Nonprofit begins animal welfare enforcement in Saskatoon on July 1

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The Saskatoon SPCA discontinued service in Saskatoon in April after the province turned down a funding request last fall.

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The Saskatoon SPCA discontinued this service in early April due to lack of provincial funding for this work.

The SPCA made the announcement in January after the Department of Agriculture turned down its request for funding last fall. Provincial contract workers responded to calls and some calls were referred to Saskatoon police.

The Saskatoon Animal Control Agency – which handles animal bylaw enforcement in the city – and the ministry have not formalized the agreement for the local agency to provide animal welfare enforcement services to Saskatoon, the City of Saskatoon said in a statement.

The city said the department instead maintained law enforcement services by using contract staff during the transition period.

The Ministry of Agriculture, in a press release, highlighted the doubling of provincial funding for the APSS – to $1.6 million – in the 2022-2023 budget for the expansion of services, and said that he planned to continue working with all of the agencies in Saskatoon.

The APSS previously said the increase would allow it to go from eight to 10 animal protection officers and hire another dispatcher.

The ministry said the APSS, a law enforcement agency entering a new jurisdiction, needed time to set up logistics and infrastructure and to hire and train new staff.

After reviewing its options, the department said it “organized the necessary resources and worked with the APSS to ensure a qualified team was in place to ensure proper animal welfare enforcement during this time.” transition until APSS begins covering Saskatoon beginning July 1, 2022.”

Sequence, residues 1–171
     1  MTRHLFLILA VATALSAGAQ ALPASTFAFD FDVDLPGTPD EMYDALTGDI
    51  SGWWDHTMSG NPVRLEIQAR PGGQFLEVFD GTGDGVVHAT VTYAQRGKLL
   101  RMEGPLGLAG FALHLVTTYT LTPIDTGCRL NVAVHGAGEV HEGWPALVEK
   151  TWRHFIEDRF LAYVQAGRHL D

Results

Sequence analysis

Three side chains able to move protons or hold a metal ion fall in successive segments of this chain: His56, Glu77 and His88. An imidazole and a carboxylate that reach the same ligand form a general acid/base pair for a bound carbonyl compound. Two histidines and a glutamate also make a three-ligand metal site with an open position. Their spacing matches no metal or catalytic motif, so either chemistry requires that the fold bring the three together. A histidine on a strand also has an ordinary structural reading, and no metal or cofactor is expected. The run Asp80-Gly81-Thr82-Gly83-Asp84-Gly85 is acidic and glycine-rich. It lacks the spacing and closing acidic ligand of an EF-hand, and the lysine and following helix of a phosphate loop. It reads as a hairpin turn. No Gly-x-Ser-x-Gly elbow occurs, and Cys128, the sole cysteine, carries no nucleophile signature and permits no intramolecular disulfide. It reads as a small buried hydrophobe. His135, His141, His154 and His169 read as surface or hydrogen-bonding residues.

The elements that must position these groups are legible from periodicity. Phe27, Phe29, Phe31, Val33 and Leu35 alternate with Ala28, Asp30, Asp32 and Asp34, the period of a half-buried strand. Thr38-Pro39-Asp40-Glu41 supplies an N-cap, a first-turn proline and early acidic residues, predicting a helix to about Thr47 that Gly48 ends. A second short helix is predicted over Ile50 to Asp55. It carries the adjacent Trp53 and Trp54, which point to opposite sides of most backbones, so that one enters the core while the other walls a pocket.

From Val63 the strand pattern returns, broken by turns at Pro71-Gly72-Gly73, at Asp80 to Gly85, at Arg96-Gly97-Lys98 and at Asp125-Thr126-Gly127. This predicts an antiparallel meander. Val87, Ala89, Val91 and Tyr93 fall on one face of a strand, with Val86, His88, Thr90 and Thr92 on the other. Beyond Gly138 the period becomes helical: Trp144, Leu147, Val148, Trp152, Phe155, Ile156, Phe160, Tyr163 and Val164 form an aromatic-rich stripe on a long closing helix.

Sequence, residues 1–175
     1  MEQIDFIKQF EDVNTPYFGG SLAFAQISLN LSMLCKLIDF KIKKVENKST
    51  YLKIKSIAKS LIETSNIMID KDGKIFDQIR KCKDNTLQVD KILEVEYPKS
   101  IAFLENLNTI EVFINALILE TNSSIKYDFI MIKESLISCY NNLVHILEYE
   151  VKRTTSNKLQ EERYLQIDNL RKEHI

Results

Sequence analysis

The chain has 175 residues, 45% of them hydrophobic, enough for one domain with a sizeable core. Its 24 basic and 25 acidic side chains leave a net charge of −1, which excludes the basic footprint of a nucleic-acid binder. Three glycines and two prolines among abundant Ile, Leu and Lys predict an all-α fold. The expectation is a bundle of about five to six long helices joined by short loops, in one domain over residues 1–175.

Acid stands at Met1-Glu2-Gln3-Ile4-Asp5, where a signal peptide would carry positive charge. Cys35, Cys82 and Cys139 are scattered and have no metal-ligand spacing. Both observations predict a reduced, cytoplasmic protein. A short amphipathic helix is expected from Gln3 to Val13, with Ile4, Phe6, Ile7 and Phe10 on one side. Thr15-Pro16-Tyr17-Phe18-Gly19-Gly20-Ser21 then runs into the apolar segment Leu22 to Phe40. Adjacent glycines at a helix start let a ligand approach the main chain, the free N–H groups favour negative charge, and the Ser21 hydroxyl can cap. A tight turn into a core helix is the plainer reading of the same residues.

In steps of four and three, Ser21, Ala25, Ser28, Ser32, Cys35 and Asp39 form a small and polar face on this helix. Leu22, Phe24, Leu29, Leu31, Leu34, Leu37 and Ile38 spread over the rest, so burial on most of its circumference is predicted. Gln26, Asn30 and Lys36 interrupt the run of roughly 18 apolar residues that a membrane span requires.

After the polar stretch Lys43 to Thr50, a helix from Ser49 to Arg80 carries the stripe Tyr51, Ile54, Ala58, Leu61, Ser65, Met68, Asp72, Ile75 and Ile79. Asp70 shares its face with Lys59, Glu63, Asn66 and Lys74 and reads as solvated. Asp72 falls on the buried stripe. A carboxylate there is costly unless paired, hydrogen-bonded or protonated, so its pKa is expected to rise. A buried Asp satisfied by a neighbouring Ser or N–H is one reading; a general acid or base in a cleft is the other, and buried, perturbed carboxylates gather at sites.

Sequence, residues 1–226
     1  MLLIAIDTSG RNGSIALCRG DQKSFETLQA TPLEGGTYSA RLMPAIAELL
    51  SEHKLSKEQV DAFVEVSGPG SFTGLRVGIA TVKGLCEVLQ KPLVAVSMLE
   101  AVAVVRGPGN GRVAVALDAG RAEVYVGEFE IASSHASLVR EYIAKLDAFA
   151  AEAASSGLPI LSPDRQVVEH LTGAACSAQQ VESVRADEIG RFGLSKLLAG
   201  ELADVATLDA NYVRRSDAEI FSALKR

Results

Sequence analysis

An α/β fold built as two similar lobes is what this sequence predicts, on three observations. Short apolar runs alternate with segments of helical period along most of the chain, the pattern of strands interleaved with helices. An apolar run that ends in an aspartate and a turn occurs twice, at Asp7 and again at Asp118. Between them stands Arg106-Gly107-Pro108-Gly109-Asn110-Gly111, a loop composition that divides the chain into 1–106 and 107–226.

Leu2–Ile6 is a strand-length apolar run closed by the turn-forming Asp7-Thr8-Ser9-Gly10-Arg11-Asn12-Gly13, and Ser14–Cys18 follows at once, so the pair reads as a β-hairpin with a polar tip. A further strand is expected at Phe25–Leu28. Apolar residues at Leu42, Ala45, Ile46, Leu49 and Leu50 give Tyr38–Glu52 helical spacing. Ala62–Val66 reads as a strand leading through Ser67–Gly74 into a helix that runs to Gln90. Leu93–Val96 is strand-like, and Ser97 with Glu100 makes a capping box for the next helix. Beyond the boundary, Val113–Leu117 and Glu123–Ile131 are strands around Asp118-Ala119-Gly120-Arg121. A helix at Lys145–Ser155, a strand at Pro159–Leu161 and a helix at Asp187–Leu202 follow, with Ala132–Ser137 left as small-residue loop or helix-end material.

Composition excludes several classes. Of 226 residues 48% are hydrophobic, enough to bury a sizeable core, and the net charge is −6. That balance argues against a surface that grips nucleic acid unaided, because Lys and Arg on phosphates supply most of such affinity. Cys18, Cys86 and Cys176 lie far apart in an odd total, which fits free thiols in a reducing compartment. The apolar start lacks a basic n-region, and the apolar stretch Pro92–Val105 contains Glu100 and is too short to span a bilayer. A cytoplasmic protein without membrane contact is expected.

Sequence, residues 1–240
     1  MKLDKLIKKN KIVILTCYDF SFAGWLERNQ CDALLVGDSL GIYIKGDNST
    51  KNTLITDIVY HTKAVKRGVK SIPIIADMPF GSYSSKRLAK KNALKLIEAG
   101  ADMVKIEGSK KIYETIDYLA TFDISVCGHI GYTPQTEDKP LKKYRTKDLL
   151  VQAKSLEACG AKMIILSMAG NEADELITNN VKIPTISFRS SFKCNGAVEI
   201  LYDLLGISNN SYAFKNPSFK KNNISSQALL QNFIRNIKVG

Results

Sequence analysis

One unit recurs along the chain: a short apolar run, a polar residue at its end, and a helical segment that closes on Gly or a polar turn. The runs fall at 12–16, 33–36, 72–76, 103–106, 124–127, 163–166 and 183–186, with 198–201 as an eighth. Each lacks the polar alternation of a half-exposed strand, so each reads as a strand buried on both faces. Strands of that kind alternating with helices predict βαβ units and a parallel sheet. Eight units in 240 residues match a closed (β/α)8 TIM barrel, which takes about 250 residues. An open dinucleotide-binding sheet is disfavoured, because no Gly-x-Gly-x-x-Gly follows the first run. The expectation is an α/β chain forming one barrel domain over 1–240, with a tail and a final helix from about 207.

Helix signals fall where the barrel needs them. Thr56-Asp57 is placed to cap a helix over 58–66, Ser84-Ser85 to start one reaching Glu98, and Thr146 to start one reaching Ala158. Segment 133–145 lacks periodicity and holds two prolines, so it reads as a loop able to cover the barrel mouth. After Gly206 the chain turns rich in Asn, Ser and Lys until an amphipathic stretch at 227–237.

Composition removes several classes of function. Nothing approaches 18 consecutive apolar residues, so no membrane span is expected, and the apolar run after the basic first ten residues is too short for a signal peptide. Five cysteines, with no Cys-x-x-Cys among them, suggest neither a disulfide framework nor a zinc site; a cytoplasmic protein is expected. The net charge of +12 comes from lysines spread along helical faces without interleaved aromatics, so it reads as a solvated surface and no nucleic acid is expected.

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He said the APSS would provide its services in Saskatoon on weekdays, as it does in other cities and in rural Saskatchewan. After-hours emergency concerns should be referred to city police, the ministry statement said.

Saskatoon Police Department spokeswoman Alyson Edwards said in an email that discussions between the city, province and police are continuing on the level of service for animal protection enforcement.

The police receive about one call a day regarding an animal welfare complaint, and most fall under municipal bylaws and are dealt with by SACA.

Others, which fall under provincial law, are handled on weekdays by provincial contractors, but there are currently no agencies assigned to respond after hours and on weekends, she said.

“While these calls may be referred to the police, we do not currently have the equipment, training or shelter agreements in place to respond and enforce the (Animal Welfare Act). Additionally, our agents must respond to higher priority service calls first,” she wrote.

APSS executive director Don Ferguson said they are currently working with the City of Saskatoon to keep the current Animal Services number, which directs all animal-related calls, the same.

By choosing the option to report animal abuse or neglect issues, a caller would then be automatically directed to an APSS dispatcher. The APSS also has a online reporting option.

“Despite the abbreviated schedule, the APSS is confident that we can provide the same level of service to the City of Saskatoon as we do to the rest of the province beginning July 1,” Ferguson said in an email.

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